While in the north of Europe, I met with a rather extraordinary person, whose account of himself might afford a subject for a pretty romance; a sort of new Paul and Virginia; but with what different catastrophe, it is not fair to presage. He described himself as a Frenchman, a native of Bourdeaux; where, at an early age, he was put on board a merchant ship, to learn the profession of a seaman. About that time war broke out between Great Britain, and the lately proclaimed Republic of France; and the vessel he was in, being attacked, and taken by an English man-of-war, he was carried a prisoner into England. When there, his naturally enterprising character would not submit itself to a state of captivity; and, soon making his wishes understood, he entered on board a British sloop, bound to New Holland. While gazing with rapt astonishment on the seeming new heavens which canopied that, to him, also, new portion of the globe; while the stars of the Cross were exciting his youthful wonder; and he could no where find the constellations of the Great, or Little Bear in the midnight firmament, the sky was suddenly overcast with a cloud, like the pall of nature, and a fearful tempest burst from it. The scene was dreadful on that wide waste of waters; and the vessel being driven at last into the rocky labyrinths of the Society Isles, was finally wrecked on one not many leagues from the celebrated Otaheite. Laonce, the young Frenchman, and one seaman of the sloop, an honest north Briton, were the only persons who escaped; for when morning broke, they found themselves, restored from insensibility, lying on the shore, and not a trace of the ship, or of those who had navigated her, was to be discerned. The inhabitants of the island, apparently wild savages by their almost naked state, instead of seizing them as a prey, took them to their huts, fed, and cherished them. Hope for awhile flattered them that some other vessel, bound for New Holland, might also be driven upon those islands, though not with the same hard fate, and that by her means they might be released, and conveyed back to Europe. But days, and weeks, and months, wearing away without any such arrival, they began to regard the expectation less, and to turn their minds to take a more intimate interest in objects around them. Time, indeed, accustomed them to what might be called barbarous, in the manners of the people; by degrees, even themselves laid aside their European habits; they exchanged their clothing for the half-exposed fashion of the native chiefs; and, adopting their pursuits and pleasures, became hunters, and bold fishers in the light canoe. Finally, they learnt to speak the language, as if they had been born in the island; and, at length, sealed their insular destiny by marrying native women. Laonce was hardly eighteen when he was first cast ashore amongst them; but having a handsome person, and those engaging manners, from a naturally amiable disposition added to a gentleman's breeding, which never fail agreeably impressing even the rudest minds, the eye of female tenderness soon found him out; and the maiden, being the daughter of the king, and beautiful withal, had only to hint her wishes to her royal sire; and the king naming them to their distinguished object, she immediately became his happy bride. Laonce, becoming thus royally allied, and in the line of the throne, instantly received publicly the investiture of the highest order of Otaheitan nobility, namely, a species of tattooing appropriated to chiefs alone. The limbs of the body thus distinguished, are traversed all over with a damasked sort of pattern, while the particular royal insignia is marked on the left side of the forehead, and below the eye, like a thick mass of dark tattooing.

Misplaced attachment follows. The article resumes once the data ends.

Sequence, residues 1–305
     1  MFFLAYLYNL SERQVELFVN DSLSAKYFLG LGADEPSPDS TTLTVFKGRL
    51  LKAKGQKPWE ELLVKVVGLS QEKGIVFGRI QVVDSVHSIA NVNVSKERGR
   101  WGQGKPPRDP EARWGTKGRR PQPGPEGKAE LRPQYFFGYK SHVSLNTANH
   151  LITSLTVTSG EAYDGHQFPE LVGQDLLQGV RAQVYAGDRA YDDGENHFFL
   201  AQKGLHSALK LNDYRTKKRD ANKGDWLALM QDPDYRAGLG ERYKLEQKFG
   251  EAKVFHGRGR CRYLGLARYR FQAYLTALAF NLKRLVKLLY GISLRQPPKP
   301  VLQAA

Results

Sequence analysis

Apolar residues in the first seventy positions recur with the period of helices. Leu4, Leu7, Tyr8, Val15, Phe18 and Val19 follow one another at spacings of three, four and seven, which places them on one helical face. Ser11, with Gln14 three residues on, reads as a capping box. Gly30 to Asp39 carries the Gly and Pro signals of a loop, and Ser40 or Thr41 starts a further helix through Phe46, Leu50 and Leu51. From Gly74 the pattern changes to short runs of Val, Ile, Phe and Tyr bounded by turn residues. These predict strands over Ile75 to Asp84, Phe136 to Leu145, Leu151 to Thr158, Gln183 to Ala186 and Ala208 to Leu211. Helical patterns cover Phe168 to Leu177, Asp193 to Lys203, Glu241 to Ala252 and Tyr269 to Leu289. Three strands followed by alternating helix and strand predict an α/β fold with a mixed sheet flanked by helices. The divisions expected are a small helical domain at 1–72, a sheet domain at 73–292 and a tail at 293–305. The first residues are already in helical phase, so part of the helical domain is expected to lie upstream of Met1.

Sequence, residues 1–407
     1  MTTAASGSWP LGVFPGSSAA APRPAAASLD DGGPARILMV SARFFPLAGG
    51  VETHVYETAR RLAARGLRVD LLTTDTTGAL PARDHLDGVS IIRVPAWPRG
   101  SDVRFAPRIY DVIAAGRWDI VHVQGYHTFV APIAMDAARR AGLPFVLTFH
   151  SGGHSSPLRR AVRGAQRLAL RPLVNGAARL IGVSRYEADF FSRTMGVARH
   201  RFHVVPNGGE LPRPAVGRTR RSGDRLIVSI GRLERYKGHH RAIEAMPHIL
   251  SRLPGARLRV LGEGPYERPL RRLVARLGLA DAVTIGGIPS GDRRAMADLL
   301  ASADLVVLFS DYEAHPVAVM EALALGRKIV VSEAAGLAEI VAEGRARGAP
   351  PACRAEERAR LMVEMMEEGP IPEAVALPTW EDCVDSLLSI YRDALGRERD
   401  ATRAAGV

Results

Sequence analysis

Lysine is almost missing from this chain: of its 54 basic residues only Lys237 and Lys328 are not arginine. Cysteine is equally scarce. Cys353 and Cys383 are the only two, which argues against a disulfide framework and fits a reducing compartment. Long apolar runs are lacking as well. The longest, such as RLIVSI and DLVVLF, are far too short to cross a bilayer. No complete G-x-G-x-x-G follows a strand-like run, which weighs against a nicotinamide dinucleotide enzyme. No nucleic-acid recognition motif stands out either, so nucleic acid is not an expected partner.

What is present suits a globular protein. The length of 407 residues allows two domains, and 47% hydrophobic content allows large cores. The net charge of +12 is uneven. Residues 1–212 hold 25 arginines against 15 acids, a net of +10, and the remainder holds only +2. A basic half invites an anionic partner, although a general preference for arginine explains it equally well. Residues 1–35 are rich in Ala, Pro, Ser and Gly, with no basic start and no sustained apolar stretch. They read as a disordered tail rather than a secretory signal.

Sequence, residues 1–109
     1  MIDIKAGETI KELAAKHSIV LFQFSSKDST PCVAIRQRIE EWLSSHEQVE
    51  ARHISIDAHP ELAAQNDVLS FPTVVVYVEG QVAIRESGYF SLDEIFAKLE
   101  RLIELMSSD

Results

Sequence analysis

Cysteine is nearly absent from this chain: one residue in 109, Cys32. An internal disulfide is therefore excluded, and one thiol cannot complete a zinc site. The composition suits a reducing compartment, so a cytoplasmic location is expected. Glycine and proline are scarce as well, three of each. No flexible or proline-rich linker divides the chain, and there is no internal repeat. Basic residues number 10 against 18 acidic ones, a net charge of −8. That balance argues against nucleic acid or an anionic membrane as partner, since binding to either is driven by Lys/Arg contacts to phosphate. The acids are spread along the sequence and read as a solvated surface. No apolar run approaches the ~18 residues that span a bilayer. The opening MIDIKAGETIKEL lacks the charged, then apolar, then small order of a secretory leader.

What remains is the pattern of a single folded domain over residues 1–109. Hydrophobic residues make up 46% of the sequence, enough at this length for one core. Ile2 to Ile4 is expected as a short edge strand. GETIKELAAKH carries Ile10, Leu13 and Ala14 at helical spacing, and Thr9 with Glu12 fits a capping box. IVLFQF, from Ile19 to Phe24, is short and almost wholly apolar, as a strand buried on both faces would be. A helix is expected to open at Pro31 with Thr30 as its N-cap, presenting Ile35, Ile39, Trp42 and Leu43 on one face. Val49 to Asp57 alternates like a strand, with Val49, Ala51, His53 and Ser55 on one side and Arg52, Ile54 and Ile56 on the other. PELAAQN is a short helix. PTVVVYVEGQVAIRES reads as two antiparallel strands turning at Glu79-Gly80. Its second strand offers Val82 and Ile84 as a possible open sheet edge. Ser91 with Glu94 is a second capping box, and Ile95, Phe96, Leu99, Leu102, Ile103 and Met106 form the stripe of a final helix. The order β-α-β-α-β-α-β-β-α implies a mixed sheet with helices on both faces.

But the young Frenchman, and his north Briton companion, had reserved to themselves means of increasing their consequence, still more than by their mere personal merits, with their new fellow-countrymen. A few days after the wreck, the subsiding elements had cast up certain articles of the ship, which they managed to turn to good account: the most valuable of them were fire-arms and some gunpowder, and a few other implements, both of defence, and use in household, or ship's repairs. The fire-arms seemed to endow the new young chief, just engrafted into the reigning stock, with a kind of preternatural authority; and, by the aid of his old messmate, and new bosom-coadjutor, he exerted all his influence over their awed minds, to prevent their recurrence to the frightful practice he had seen on his first landing, of devouring the prisoners they took in war. His marriage had invested him with the power of a natively born son of the king; and, having made himself master of their language, his persuasions were so conclusive with the leading warriors, that, in the course of a very little time, it was rare to hear that so dreadful a species of vengeance was ever tasted, even in stealth. However, so addicted were some few of the fiercer sort, to this ancient triumph of their ancestors, that he found it necessary to add commands to persuasions, and then threats to commands; and having expressed in the strongest terms his abhorrence of so cowardly and brutal a practice, he told them, that the first man he saw attempt to touch the flesh of a prisoner to devour it, he would instantly put the offender to death.